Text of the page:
According to the STEM-EDS/EELS study (Figs 3 and 4 and Supplementary Figs S9–S12), the most motivating of the Ti-phases constituting the microscale “Al-Fe-Ca-Ti-Si-Na-Cr matrix” of the Greek BR is an unusual low-T and low-P perovskite-type phase e.g.50 occurring in nanoscale (Fig. 3a,b). The major composition of this nano-perovskite has been determined by TEM-EDS to be Ca0.8Na0.2TiO3. Since several other minor elements (such as Ce, Nb, Zr, Cr and, possibly, Sr) might additionally be hosted as impurities (Fig. 3c) that might lead us to argue about a Ca-Na-(Ce-Nb-Zr-Cr)-nano-perovskite. This argument implies a minor contribution of Ce-loparite-type phase (Ce(Ti,Nb)O3). The most important finding is that this nano-perovskite contains Th (Fig. 3c), which is estimated to be 700 μg g−1. The STEM imaging, generated by the high angle annular dark field (HAADF) detector, together with the STEM-EDS mapping (Fig. 3d), clearly showed the distribution of key elements (such as Na, Ca, Ti, and O) for the Th-hosting nano-perovskite (CTO) that co-exists with other neighboring mineral phases (hematite and clay-like phases; see text below) into the “Al-Fe-Ca-Ti-Si-Na-Cr matrix”. In the depicted EDS maps Fe is exclusively attributed to the neighboring hematite, while Al is due to the clay-like phase. All the obtained selected area electron diffraction (SAED) patterns from nano-perovskite correspond to a perovskite structure [lattice parameters are a: 0.562 ( ± 0.02) nm, b: 0.752( ± 0.02) nm and c: 0.561 ( ± 0.02) nm, Pnma) with superlattice reflections (Fig. 3a)]. Since these reflections do not exist in the conventional perovskite we assume that they might be associated with the substitution of Na on A-site. It has recently reported that Na may incorporate into A-site of a ABO3 and BST perovskite, when synthesized at high-T or at high-P51,52,53, but that has never been observed at low-T and low-P perovskites. According to recent discussion by Seki et al. (2014)53, Na-ions could be linked with tilting of TiO6 octahedra, causing significantly stronger superlattice reflections in Ca-containing perovskites. Additional structural information on the novel Ca0.8Na0.2TiO3 is obtained by EELS measurements (see Supplementary Information and Supplementary Fig. S9). As it has already been mentioned, the BR nano-perovskite occurs together with Th-free Ti-containing hematite particles (Fig. 4). The concentration of Ti in this Ti-containing hematite has been measured up to 5 wt.%. Small amounts of Si, Al, Cr (Fig. 4b) and, probably, P (Supplementary Fig. S10) also exist in the Ti-containing hematite. Distinct Th-free Ti-oxides were characterized as anatase (Fig. 4c and Supplementary Fig. S11). The anatase crystallites exhibit rounded shape with a smooth surface. When the STEM-EDS spectra of Th-free Ti-containing hematite and anatase are compared with the EDS spectrum of the Th-containing nano-perovskite the total absence of Th is obvious (Fig. 4d). Concurrently, EDS artifacts like escape peaks for Ti Kα and Ti Kβ are also present. The peak ratio of Th Mα and Th Mβ was found to be about 5:3, which is in good agreement with the experimental profile, although the second broad peak (3.15 KeV) may be partially affected by the Ti Kβ escape peak at 3.18 KeV (Fig. 4d). Besides, several planar defects, common found in anatase, have been demonstrated by high-resolution TEM (HRTEM) imaging (a,b of Supplementary Fig. S11). Subsequently, the STEM-HAADF and HR-STEM-HAADF observations (see Supplementary Fig. S11c,d, respectively) have proved, along with the STEM-EDS spectra, the absence of Th in all studied anatase particles. The observed AlOOH polymorphs corresponding to diaspore (α-AlOOH) contain Fe and Cr impurities (Fig. 4e). Moreover, Th-free clay-like phases (with major d-spacings corresponding to 0.31 nm, 0.28 nm, 0.26 nm and 0.17 nm; Fig. 4f) have also been confirmed as components in the “Al-Fe-Ca-Ti-Si-Na-Cr matrix”. The obtained Debye-Scherrer ring patterns of clay-like particles suggest that this phase could be related to a zeolite-type material, which is rather doubtful due to its unusual chemical composition (Si: 19.87 wt.%; Al: 10.71 wt.%; Ca: 10.94 wt.%; Ti:20.63 wt.%; O: 37.81 wt.% as major elements and C, P and S as minor elements). We might also assume that this phase could be an admixture of several nano-phases. Iron and chromium peaks attributed to the presence of Ti-containing hematite crystallites, as these Fe-oxides, are often associated with clay-like phases and nano-perovskite into the “Al-Fe-Ca-Ti-Si-Na-Cr matrix” (Supplementary Fig. S12). Thus, the STEM-EDS/EELS study revealed that both the initial and acid-treated “Al-Fe-Ca-Ti-Si-Na-Cr matrix”, as appeared at the microscale, are actually an aggregate of several Al-, Fe-, Ca-, Ti-, Si-, Na-, Cr- (and also S-, P-, Ce-, Nb-, Zr-, and maybe, Sr-) particles, including the Th-hosting nano-perovskite. There is no evidence for other phases hosting Th, neither at the microscale (see text above) nor at the nanoscale, except for the nano-perovskite, but the minor presence of element traces, in isolated parts of various BR phases, might not be excluded.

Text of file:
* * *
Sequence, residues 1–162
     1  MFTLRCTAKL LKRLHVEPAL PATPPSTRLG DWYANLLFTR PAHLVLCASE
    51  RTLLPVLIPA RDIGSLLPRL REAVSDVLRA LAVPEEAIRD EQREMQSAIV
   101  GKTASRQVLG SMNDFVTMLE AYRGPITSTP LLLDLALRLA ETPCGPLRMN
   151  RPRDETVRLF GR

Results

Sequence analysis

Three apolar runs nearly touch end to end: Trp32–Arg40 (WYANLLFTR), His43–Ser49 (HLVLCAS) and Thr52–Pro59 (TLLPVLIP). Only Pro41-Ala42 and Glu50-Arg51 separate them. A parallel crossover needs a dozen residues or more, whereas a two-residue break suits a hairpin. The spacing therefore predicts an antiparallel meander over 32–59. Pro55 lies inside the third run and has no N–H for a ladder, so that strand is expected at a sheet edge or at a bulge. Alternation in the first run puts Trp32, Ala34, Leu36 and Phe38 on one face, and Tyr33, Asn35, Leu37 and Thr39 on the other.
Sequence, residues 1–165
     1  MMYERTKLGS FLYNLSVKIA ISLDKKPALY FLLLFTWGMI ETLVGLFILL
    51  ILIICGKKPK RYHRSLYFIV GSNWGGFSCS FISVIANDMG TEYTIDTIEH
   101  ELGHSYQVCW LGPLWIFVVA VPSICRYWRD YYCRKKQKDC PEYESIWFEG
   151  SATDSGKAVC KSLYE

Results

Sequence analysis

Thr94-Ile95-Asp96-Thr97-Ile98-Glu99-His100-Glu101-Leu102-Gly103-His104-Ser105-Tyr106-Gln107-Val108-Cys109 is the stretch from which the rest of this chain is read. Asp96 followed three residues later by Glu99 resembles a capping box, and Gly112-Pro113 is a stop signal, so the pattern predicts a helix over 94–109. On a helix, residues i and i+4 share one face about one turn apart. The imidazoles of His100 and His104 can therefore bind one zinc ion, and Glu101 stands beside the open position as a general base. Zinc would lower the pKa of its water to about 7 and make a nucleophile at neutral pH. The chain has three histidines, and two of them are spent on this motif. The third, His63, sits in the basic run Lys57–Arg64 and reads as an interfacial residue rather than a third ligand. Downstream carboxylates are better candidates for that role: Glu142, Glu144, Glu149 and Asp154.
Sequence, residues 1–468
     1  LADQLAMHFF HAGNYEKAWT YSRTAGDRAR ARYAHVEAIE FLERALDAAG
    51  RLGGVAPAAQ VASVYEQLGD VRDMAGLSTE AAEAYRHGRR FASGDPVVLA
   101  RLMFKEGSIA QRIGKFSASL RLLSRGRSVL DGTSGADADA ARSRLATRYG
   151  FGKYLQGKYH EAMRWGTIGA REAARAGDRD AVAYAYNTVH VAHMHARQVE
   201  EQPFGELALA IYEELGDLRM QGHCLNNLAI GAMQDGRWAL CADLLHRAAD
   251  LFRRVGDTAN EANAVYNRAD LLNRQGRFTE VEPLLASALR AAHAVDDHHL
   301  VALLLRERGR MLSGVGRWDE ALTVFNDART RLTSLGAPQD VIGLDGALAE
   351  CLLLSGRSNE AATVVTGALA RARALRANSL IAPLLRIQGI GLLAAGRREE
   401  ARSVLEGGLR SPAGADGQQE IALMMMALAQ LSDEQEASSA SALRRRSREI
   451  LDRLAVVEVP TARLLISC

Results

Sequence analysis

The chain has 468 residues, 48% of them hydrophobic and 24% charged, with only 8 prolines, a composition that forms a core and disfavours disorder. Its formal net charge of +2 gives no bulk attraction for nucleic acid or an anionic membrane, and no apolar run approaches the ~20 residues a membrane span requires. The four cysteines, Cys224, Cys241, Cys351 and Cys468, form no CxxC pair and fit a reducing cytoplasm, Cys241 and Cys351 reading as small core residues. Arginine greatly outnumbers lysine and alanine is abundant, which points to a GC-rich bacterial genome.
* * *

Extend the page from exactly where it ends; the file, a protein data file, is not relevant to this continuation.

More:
Figure 3: STEM-EDS data concerning a representative Th-hosting nano-perovskite (Ca0.8Na0.2TiO3/CTO) into bauxite residue (BR).